Horror of the Zombies


Horror of the Zombies (El Buque Maldito) (1974)
Cast: Maria Pershcy, Jack Taylor, Barbara Rey, Carl Leonard
Director: Amando De Ossorio
Nutshell: Murderous undead Templar Knights return on monstrous phantom ship


Effects are cheesy but De Ossorio does inject atmosphereCreature Features

all at seaMonster Movie Guide

rated: TurkeyVideo Movie Guide


The marauding blind dead Templar Knights are back once again, not that their return should come as too much of a surprise – a trait common to most undead types is their absolute refusal to lie down and the Templar’s are no exception.

You will recall from previous instalments of the Blind Dead films that the Knights are a despised cult who in the 16th century performed blood rites and cannibalism as well as systematically terrorized their local community. They were eventually overpowered by the forces of the King who had them tied up in the open so that crows could peck out their eyes as they perished, rotting in the fierce sun. Now, legend has it that centuries later they have re-emerged and once again roam the nights in search of fresh victims – listening for the sound of their potential victims, as the crows have left them blind.

In the first film of Amando De Ossorio’s Blind Dead series Tombs of the Blind Dead, the Templar’s boarded a passenger train and bludgeoned everyone in sight in one of the most ghastly sequences of horror ever put on film. In the second movie, Return of the Blind Dead, the Knights gate-crashed the town’s big party spreading mayhem, terror and death. In this third instalment, the Templar’s embark on a different journey altogether but with equally bloodcurdling results.

Two leggy supermodel types have been despatched by a sleazy business magnate for a wild publicity stunt in the middle of the ocean! The girls are supposed to intercept any vessel passing by and sell them their product – or some such nonsense. The girls, woefully under equipped and suitably underdressed, drift across a sinister looking bank of fog and shortly after they sight a medieval looking galleon heading straight for them. In a panic they try to warn off the advancing ship with flares but to no avail. Then they radio the magnate and his shapely associate for help managing some garbled words before contact is broken. The ship appears to be totally deserted but it’s not long before one of the girls vanishes and the second one, in her attempt to find her friend, stumbles upon an pack of rotting cadavers in the form of the resurgent Templar Knights who are in fact the captains of this ghostly vessel.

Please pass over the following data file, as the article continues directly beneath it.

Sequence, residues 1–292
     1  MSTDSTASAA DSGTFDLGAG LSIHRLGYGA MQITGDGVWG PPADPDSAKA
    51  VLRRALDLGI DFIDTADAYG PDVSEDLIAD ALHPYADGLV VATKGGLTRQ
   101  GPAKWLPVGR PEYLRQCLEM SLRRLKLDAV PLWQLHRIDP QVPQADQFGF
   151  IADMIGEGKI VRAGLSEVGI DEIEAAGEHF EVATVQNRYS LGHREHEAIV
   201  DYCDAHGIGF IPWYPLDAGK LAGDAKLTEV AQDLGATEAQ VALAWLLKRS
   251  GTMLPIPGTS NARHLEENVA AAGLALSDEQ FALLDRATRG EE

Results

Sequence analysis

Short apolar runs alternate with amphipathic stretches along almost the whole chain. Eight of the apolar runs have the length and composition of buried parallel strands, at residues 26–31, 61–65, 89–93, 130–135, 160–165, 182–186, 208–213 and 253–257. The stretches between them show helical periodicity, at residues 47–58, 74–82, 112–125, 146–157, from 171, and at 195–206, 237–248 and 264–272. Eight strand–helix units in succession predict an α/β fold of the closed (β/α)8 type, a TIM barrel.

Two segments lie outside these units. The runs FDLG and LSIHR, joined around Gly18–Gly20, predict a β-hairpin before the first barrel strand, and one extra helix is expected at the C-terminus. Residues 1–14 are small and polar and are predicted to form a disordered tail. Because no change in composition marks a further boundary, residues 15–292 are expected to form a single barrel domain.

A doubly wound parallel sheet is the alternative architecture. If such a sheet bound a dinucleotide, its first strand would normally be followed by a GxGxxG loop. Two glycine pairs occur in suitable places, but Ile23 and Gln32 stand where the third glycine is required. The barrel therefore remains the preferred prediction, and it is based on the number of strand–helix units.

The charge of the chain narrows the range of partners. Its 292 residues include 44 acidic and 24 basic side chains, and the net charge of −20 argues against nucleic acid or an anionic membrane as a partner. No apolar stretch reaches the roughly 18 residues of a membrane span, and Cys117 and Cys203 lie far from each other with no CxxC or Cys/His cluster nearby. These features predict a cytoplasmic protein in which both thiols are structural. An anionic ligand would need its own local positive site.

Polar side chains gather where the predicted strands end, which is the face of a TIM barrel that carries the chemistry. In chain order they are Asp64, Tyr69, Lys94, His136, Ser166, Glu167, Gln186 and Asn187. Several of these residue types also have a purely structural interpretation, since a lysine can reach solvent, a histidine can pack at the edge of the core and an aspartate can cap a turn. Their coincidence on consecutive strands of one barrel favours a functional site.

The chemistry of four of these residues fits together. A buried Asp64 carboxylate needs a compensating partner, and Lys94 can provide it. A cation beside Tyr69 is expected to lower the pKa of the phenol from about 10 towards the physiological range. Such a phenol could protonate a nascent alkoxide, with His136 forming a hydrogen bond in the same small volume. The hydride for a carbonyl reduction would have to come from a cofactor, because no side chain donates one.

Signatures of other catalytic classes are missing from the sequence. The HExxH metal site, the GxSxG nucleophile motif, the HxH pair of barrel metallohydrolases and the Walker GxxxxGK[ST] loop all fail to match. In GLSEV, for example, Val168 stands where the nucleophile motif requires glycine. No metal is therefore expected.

Meanwhile the business tycoon busily assembles a team of reluctant associates and heads off for the ocean in an attempt to find the models. Again, it doesn’t take long to come across the strangely floating mist and shrouded within that mist, the dreaded floating galleon – as well as the abandoned boat the models had used. Now the real fun begins as one by one the group discovers that the rampaging Templar Knights are indeed back from the dead and are the inhabitants of the galleon – but like Nosferatu – they only rise at night.

The film moves at a pace a world apart from the Scream’s and I Know What You Did Last Summer kind of strap-on-your-safetybelts speed roller-coaster rides. Horror of the Zombies meanders and lumbers along at a pace rather like those of the rambling, shuffling zombies that we see on screen, yet it’s a refreshing change from the trailer (preview) like editing to be found in most Hollywood horror of the Scream age. There is even time enough for Ossorio to include his trademark pseudo lesbian moment but the real focus is certainly where it should be…..on those hideous bloodthirsty Templars and their ghoulish, endless quest for fresh victims. They are in magnificent form this time around ripping a curvaceous blonde with their twisted talons and then gorging and slurping on her warm, steaming corpse while she is still alive!

The gore level has been turned on by Ossorio with stomach churning scenes of limbs being ripped off and devoured with relish. The scenes are slow and deliberate, almost static; therefore acquiring an almost nightmarish “quality”. Stretched out, almost laborious death scenes manage to entrance due to this nightmarish world that Ossorio is able to create with his mix of swirling mists, eerie music and relentless assailants.

Though Ossorio hasn’t been able to match the sheer atmospheric brilliance of the first Blind Dead film, at least this is a huge improvement on the second excessively dull effort. Here, the comedy is mercifully kept to a minimum and there are enough creepy sequences involving the Knights to satisfy fans of the original. Would have been much better had it not been dubbed into English, but is certainly a worthy sequel even if it isn’t on a par with the extraordinary Tombs of the Blind Dead. The gore effects are well intended if not quite Tom Savini level and the ship and ocean are of the-model-in-bathtub variety. Never the less, this doesn’t detract from the movie as any additional lumps of cheese only add to the charms of Euro-horror of this nature. Incidentally VidAmerica voted this film as one of the “World’s Worst Videos” – rather rich (if typical) for Americans to vote this as the pits while spending $100’s of millions on epics like The Haunting, Bats, Stigmata etc.